Market ratings of importance and satisfaction allow us to map opportunities and understand how the competition is helping specific customer segments get the job done, and locate the biggest gaps for value creation.
JTBD opportunity segmentation and sizing are precise.
Some segments of customers struggle more than others to get the job done. A JTBD study will analyse which customers are struggling most, what causes that struggle and how much they are willing to pay. K-means clustering software can then build a segmentation model to determine how segments are underserved or overserved and the size and value of each segment.
A JTBD study gives you complete oversight of the whole market, its size and how much market share each competitor product has and how much customer value is still left untapped.
JTBD market data gives you and your team the confidence that the market strategy and big investment decisions will be right.
If there is one key thing to remember with JTBD, it is not to try to analyse the current product experience. Rather, define why people are buying these products, then describe and analyse the job they are trying to get done. .
Ask customers to rate the importance and satisfaction of each customer metric and develop your segmentation model. Finally, size and value each segment and decide which market strategy to pursue.
Broadly, the following six steps are required
Define your market by understanding the customers JTBD.
Analyse the JTBD by defining both functional and emotional customer metrics and evaluate how important and satisfied each customer is.
Identify the willingness to pay for each customer.
Develop a segmentation model of the market, and identify what is causing each segment to be underserved or overserved.
Identify the size of each segment by understanding the total number of customers, each customer’s willingness to pay and the frequency they are trying to get the job done.
Decide the market strategy. We use further criteria to select the right opportunity segments for any specific company to pursue.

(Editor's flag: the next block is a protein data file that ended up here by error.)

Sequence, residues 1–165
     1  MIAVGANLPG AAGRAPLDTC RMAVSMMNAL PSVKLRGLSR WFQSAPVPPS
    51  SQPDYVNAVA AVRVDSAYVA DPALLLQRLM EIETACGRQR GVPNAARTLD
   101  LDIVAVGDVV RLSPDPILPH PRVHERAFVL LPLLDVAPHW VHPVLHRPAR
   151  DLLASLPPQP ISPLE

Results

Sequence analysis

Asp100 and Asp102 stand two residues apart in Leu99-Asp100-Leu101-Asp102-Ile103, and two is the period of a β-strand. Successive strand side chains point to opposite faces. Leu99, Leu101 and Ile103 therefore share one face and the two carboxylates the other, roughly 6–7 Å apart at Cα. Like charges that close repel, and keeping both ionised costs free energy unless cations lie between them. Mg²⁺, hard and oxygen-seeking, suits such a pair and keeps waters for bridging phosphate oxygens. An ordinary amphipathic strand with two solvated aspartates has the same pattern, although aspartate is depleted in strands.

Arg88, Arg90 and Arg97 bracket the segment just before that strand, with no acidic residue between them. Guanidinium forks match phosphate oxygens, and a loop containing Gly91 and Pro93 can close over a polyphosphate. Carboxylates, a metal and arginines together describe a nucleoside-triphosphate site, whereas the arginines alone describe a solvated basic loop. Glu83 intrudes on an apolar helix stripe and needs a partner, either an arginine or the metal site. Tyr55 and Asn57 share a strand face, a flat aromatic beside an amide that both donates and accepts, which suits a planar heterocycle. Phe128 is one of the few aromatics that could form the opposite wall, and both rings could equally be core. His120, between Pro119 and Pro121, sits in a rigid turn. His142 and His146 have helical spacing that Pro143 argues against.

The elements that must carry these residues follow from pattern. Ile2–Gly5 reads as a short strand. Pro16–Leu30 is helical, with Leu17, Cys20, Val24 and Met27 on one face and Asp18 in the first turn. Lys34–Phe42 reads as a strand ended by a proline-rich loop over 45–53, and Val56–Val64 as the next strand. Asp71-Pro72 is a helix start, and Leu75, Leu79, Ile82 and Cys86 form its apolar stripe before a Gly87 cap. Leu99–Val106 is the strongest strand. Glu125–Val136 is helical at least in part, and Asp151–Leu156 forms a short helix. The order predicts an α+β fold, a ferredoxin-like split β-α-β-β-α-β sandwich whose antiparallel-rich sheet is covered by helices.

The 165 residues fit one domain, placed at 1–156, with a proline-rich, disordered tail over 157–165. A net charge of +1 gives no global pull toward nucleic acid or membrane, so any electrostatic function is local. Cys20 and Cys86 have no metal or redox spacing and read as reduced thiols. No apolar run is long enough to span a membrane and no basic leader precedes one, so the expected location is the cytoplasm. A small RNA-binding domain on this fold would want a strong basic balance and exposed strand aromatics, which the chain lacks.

Avoid gambling on new product development
Building successful high-growth products is hard. Maintaining market share is hard. Why add gambling into the mix?
Sizing market opportunities using product-based data is very tempting as the data is more readily available. However, making big investment decisions using product data is a gamble.
Product data does not reflect true customer value and has significant decision making bias toward the company definition of value. Also, this data is out of date so quickly as products are changing all the time.
This approach failed Microsoft. The iPhone and other smartphones were perfectly positioned to disrupt the iPod and MP3 players over the following 5 years. Yet it invested huge sums of money to win market share of products going obsolete in the 'iPod market'.
With the right market definition and right customer metrics, this would have been visible. The market opportunity was really about music enthusiasts and helping them to get the 'job', ‘listen to music’ done better and/or cheaper.
To lower the risk of investment decisions for new product development, your team needs high-quality market data based on customer’s metrics, centered on the 'job', not the product.
A JTBD market study will determine what opportunities are actually available (if any) and which market strategy you should invest in. You want to know how to best serve each customer segment, which product platform is best and which features actually help get their job done better and/or cheaper.
Do you want to learn exactly how a Jobs-To-Be-Done approach might apply to your product or company? Book your FREE Innovation Strategy Session.